College- and career-readiness standards require significant shifts in literacy instruction.
College- and career-readiness standards for K-12 students adopted by nearly all states require from a teachers a different focus on literacy integrated into all subject areas. The standards demand that teachers are prepared to bring complex text and academic language into regular use, emphasize the use of evidence from informational and literary texts and build knowledge and vocabulary through content-rich text. While most states have not ignored teachers' need for training and professional development related to these instructional shifts, few states have attended to the parallel need to align teacher competencies and requirements for teacher preparation so that new teachers will enter the classroom ready to help students meet the expectations of these standards. For special education teachers, preparation and training must focus on managing these instructional shifts while also helping students who may have serious reading deficiencies.
Elementary Teacher Preparation in Reading Instruction: Supporting Research
For evidence on what new teachers are not learning about reading instruction, see NCTQ, "What Education Schools Aren't Teaching About Reading and What Elementary Teachers Aren't Learning" 2006) at:http://www.nctq.org/nctq/images/nctq_reading_study_app.pdf.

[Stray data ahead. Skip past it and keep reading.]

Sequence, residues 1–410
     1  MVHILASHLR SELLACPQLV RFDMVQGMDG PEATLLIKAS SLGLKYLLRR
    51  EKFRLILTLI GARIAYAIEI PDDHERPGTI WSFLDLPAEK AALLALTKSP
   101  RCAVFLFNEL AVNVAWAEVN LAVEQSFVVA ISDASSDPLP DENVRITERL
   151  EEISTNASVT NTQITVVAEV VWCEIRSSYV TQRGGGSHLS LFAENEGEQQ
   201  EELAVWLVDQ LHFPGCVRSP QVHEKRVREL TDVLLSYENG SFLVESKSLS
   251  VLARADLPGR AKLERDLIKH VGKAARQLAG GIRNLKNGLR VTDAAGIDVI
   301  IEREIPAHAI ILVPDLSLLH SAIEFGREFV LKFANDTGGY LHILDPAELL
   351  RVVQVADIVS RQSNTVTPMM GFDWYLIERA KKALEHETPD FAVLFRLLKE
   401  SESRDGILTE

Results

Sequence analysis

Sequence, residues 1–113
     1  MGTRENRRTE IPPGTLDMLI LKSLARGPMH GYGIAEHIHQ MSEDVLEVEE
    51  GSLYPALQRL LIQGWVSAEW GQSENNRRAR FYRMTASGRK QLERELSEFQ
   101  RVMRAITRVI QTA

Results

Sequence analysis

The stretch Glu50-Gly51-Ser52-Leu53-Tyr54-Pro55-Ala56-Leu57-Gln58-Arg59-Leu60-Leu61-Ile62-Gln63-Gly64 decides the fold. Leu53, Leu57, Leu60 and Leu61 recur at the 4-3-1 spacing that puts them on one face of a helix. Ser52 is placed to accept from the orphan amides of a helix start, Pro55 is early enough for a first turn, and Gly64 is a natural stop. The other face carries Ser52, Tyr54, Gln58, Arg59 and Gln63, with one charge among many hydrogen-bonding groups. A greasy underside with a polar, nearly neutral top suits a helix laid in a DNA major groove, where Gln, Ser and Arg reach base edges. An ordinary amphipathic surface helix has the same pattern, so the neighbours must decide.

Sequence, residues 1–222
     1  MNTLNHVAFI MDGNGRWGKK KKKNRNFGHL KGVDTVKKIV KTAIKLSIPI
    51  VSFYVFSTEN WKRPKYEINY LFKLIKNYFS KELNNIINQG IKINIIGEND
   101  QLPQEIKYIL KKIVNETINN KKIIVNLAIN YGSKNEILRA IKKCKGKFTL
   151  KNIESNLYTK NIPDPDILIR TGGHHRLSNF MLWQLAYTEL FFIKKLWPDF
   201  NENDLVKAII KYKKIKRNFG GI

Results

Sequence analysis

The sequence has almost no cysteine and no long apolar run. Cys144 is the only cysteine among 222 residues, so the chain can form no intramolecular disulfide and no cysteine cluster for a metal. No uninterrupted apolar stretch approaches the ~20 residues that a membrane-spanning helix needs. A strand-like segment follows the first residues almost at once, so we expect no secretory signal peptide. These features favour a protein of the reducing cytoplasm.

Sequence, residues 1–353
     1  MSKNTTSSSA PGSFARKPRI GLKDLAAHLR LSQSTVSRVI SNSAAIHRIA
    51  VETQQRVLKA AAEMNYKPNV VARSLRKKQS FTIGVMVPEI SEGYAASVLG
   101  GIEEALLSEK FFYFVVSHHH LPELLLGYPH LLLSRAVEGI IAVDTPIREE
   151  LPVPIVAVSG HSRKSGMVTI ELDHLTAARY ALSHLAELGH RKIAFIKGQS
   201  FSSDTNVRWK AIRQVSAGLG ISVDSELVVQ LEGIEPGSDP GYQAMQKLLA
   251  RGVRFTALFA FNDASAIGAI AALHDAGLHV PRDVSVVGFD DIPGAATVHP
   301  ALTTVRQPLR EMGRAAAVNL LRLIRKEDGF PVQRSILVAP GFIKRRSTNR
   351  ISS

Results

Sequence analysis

For problems with existing reading tests, see S. Stotsky, "Why American Students Do Not Learn to Read Very Well: The Unintended Consequences of Title II and Teacher Testing," Third Education Group Review, Vol. 2, No. 2, 2006; and D. W. Rigden, Report on Licensure Alignment with the Essential Components of Effective Reading Instruction (Washington, D.C.: Reading First Teacher Education Network, 2006).
For information on where states set passing scores on elementary level content tests for teacher licensing across the U.S., see chart on p. 13 of NCTQ "Recommendations for the Reauthorization of the Elementary and Secondary Education Act, Removing the Roadblocks: How Federal Policy Can Cultivate Effective Teachers," (2011).
For an extensive summary of the research base supporting the instructional shifts associated with college- and career-readiness standards, see "Research Supporting the Common Core ELA Literacy Shifts and Standards" available from Student Achievement Partners.